FSoG, or Master of the Universe, originated as Twilight fan-fiction, and as someone who was heavy into the Spuffy fanfic scene as a teenager, writing fan-fiction is purely about the reader response and experience. The second I’d upload a chapter of an ongoing fic, or posted a short PWP (Porn What Plot), or completed a challenge, there the comments, encouragement, suggestions, and critique would be. The instant feedback was gratifying, and meeting the expectations of those who enjoyed my work was utmost in my mind. It also challenged me to maintain or increase my skill level, to focus on the types of plots I enjoyed, and to always remember to entertain readers. I had peers and Spuffy writers whose skill I envied, but the immediate knowledge that I created something that people enjoyed increased my confidence.

Fast-forward to my career as a fiction writer and everything is completely opposite. There is no instant feedback because posting your work online, chapter by chapter, is a big no-no. Your audience is not the reader, but the agent or editor who must gauge your work on what’s sold, what sells, and what will continue to sell. Your career lives and dies on the mechanics of writing, as opposed to the mechanics of storytelling (I can imagine the horror if someone said they had no CPs, just beta readers). And worse yet, the isolation usually makes you turn inward on yourself because getting published in those few slots is a competition against other writers (and The Market, to an extent) as opposed to a shared celebration of a fandom.

When I read the reaction to FSoG on industry blogs, much of it is to express surprise or dismay over its success, to share that they wouldn’t have picked it up, and to reiterate that this doesn’t mean they would pick up books deficient in scintillating prose (this is not to pick on them, because the same type of conversation happened about Twilight, the Sookie Stackhouse series when True Blood first aired, and the other pop culture juggernaut, The Da Vinci Code). I know FSoG isn’t everyone’s cup of tea for a variety of reasons, but at the same time, I wonder if their knee-jerk reaction against the book is because industry professionals read it (or browsed through a few pages) with their “job goggles”–that is, studying the mechanics of the book, comparing it to other BDSM romances on the shelves, and dinging it for breaking rule numero uno in the romance genre: a romance novel must have a self-contained HEA.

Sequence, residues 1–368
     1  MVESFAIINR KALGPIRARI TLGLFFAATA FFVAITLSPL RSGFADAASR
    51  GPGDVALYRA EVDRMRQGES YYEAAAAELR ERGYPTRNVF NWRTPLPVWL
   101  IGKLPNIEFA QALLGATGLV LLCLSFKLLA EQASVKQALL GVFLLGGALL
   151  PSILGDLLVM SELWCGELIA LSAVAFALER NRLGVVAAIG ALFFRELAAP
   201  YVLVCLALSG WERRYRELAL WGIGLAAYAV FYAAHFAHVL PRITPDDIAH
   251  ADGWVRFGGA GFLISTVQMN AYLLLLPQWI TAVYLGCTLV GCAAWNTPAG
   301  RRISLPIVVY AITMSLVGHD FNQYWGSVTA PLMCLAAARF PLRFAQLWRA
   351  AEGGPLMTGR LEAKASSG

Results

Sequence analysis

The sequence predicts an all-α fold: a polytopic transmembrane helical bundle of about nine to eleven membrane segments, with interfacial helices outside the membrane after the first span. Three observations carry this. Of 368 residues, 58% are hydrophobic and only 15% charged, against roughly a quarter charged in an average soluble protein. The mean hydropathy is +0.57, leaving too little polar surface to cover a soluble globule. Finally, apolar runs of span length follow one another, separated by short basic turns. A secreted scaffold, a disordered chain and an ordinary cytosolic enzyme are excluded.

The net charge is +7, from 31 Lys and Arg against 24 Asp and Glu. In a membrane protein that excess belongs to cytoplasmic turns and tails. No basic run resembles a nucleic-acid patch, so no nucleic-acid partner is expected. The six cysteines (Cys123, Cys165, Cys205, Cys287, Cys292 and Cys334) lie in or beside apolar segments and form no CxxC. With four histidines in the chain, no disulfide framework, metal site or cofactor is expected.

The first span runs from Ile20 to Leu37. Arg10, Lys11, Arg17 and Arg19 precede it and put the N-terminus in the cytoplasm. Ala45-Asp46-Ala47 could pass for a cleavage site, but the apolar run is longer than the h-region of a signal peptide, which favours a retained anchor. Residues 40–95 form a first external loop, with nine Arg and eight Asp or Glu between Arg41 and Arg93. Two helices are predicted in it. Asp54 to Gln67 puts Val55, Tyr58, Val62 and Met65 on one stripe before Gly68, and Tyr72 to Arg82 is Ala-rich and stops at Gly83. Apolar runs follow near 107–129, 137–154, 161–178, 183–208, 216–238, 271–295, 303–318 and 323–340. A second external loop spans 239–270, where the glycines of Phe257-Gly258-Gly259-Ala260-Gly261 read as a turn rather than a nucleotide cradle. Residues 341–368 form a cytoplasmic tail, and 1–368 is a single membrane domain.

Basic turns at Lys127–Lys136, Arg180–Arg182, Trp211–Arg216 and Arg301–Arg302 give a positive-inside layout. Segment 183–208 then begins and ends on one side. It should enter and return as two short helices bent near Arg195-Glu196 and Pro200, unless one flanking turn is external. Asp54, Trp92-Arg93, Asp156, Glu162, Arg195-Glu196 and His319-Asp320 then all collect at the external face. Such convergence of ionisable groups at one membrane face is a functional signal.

Much of my writing inhibitions stemmed from this erroneous way of thinking. Sure, I was writing the types of books I would want to read, but I held it at arm’s length, not wanting to be emotionally invested for fear of rejection from agents, editors, and other writers. I never, ever once thought about a readers’ experience with my writing, or even the type of people I wanted to adore my books, because I was a lowly unpublished author who had no right even thinking about having a readership pre-publication/release (but it’s ironic that we’re told to have a platform, right?). I admit that I even hesitated to say I wrote novels on my own history blog (!!!), or even claim my readership there, because I’m not some big-shot historian with a cool job and major credentials, so why would anyone even give me the time of day?

Absolutely, stinking insane, right?

So when I finally got around to reading Fifty Shades of Grey and its two sequels, and aside from the warm fuzzies, I suddenly felt this great big honking sense of liberation–when the heck did I forget the real purpose of a book? It’s a great ego stroke to win awards and critical acclaim–and I certainly wouldn’t turn down a RITA or a DIK from All About Romance, lol–but one award or one great review is not the sum total of why I write. I even joked with a friend that if being hated or rejected by my peers was the price that came with touching millions of readers, I’ll take that success. Based on my past, that is a very out-of-character remark, so you can see how much of an impact FSoG has had on me. *g*